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Advera Health Analytics, Inc.

FDA’s Early Warning System is Broken

Posted by Brian Overstreet on April 7, 2016


One of our company-wide New Year’s resolutions in 2016 was to stop using our blog as a forum to lambast FDA.  It was getting boring, tiresome, and repetitive. While we know these blogs are well read within FDA, we also know that nothing we write here is actually going to move the needle on issues of drug safety in Silver Springs, MD. 

“Just when I thought I was out, they pull me back in!”
Michael Corleone, Godfather Part III (you know, the only decent scene in the whole movie)

I am proud that I had held my tongue all the way through the first three months of the year.  But then Medscape decided to blow the lid off FDA’s criminal failure to report quarterly watchlists of drug safety issues for the past 15 months.

Yes, that’s right - FDA was actually in violation of the law for the better part of 2015 (and 2012-2014 depending on how you read the law) by failing to post quarterly lists of emerging drug safety issues.  Medscape does an excellent job of digging into this issue, so I won’t get into the details here, but I strongly recommend reading the full article, linked to above.

This revelation wasn’t a surprise to us at Advera Health.  We actively track and monitor FDA’s safety watchlist reports in order to benchmark those issues against our own early warning system, RxSignal.  When we noticed that the website had not been updated, as required by law, in June of 2015 we started asking FDA questions.  The response was typical – nothing.  Or, more specifically,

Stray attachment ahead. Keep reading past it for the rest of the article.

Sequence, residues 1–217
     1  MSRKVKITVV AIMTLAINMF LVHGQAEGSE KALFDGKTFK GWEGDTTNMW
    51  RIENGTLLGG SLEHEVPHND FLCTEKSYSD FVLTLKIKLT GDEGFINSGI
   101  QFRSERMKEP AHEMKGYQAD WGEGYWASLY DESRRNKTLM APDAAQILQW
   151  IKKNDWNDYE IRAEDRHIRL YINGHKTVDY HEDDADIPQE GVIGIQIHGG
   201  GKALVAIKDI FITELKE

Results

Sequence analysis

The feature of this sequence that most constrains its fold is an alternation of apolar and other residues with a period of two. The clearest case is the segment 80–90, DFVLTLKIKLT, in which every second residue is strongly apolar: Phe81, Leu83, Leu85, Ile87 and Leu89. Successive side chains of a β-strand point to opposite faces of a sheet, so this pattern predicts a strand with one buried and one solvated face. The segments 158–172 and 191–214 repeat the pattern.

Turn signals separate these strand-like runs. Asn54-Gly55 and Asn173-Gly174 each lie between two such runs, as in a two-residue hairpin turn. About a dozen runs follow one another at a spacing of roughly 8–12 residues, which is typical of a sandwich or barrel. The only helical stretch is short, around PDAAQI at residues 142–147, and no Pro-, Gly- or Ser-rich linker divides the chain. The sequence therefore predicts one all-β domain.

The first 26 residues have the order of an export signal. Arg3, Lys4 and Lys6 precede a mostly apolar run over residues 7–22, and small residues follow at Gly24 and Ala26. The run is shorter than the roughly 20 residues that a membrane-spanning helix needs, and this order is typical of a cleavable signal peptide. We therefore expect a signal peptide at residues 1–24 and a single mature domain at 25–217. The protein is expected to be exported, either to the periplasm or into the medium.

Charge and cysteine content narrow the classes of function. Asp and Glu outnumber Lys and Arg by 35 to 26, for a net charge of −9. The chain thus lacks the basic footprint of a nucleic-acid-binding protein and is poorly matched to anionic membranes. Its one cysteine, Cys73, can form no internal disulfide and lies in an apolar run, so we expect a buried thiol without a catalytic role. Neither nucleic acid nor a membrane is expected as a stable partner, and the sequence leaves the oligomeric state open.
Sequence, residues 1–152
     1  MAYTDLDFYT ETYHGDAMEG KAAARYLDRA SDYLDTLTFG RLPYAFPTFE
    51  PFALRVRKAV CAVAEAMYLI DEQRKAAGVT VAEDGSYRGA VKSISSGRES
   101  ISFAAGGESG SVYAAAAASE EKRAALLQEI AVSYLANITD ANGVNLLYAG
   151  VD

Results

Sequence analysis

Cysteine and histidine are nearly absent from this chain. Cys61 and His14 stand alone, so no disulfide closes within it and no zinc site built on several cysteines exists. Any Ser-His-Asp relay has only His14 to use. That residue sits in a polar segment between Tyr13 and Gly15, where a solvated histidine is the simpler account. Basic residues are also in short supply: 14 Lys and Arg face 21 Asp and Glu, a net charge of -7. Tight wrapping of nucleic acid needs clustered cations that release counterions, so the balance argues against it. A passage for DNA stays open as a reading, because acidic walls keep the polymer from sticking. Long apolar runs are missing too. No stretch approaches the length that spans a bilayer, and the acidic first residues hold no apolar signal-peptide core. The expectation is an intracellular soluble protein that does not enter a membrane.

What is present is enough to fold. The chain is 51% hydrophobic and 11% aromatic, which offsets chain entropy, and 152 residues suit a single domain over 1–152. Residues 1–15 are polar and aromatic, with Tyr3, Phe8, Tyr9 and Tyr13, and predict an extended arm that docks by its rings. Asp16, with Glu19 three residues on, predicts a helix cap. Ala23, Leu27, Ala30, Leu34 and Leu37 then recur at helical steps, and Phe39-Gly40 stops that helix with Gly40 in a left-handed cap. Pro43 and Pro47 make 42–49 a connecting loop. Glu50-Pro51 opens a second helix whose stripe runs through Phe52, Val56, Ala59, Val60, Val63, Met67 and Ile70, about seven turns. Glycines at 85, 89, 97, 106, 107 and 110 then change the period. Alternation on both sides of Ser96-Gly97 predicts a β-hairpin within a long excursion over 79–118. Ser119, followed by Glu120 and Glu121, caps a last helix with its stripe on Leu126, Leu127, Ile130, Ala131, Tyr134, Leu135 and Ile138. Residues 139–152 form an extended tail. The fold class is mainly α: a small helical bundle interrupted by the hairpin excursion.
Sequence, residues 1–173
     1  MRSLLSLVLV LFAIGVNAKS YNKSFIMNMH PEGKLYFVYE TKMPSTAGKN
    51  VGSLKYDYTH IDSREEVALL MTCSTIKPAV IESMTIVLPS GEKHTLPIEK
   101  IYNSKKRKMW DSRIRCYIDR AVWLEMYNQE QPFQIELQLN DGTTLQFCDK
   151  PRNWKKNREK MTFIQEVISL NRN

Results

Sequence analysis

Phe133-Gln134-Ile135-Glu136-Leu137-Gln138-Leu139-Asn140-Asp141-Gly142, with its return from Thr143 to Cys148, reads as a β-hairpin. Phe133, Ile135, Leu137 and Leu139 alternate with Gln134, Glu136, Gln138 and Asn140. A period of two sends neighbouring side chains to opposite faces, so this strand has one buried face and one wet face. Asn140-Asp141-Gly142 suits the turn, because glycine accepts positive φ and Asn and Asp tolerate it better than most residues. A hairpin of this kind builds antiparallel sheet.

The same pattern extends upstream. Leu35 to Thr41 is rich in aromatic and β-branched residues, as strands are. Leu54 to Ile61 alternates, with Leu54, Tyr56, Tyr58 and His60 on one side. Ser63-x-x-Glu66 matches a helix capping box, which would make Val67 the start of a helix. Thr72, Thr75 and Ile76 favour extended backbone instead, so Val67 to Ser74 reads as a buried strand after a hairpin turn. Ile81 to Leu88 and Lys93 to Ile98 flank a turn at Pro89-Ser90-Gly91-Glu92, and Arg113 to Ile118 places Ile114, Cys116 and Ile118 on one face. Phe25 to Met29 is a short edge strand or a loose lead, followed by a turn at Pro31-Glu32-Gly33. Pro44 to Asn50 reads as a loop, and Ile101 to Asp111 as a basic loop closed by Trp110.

“I apologize for the delay. I am consulting the FAERS team regarding your inquiry and appreciate your patience while we look into this.”

Why is this a big deal – a big enough deal to force me to violate our company’s New Year’s resolution? 

It comes down to this: if FDA isn’t going to fulfill its most basic duties of informing the public about emerging safety risks, then what do they exist for?  Are they really so “captured” by big pharma to the point that they only exist to approve new drugs and help spur their growing profits, as a large contingent of people believe?

I’m not one for conspiracy theories, so I refuse to believe that – but when we see situations like this clear failure to fulfil obligations, my resolve starts to break down.

It is no secret that FDA is understaffed and underfunded.  As such, I’m willing to give the organization a lot of leeway. But in this case, it is very hard to attribute this breakdown to the “poor government” excuse.  It is not that hard for FDA to look at their own adverse event reporting data and identify emerging safety issues.  Using similar methodologies, we do it every day at Advera Health.

Take this issue raised from the Medscape article as an example: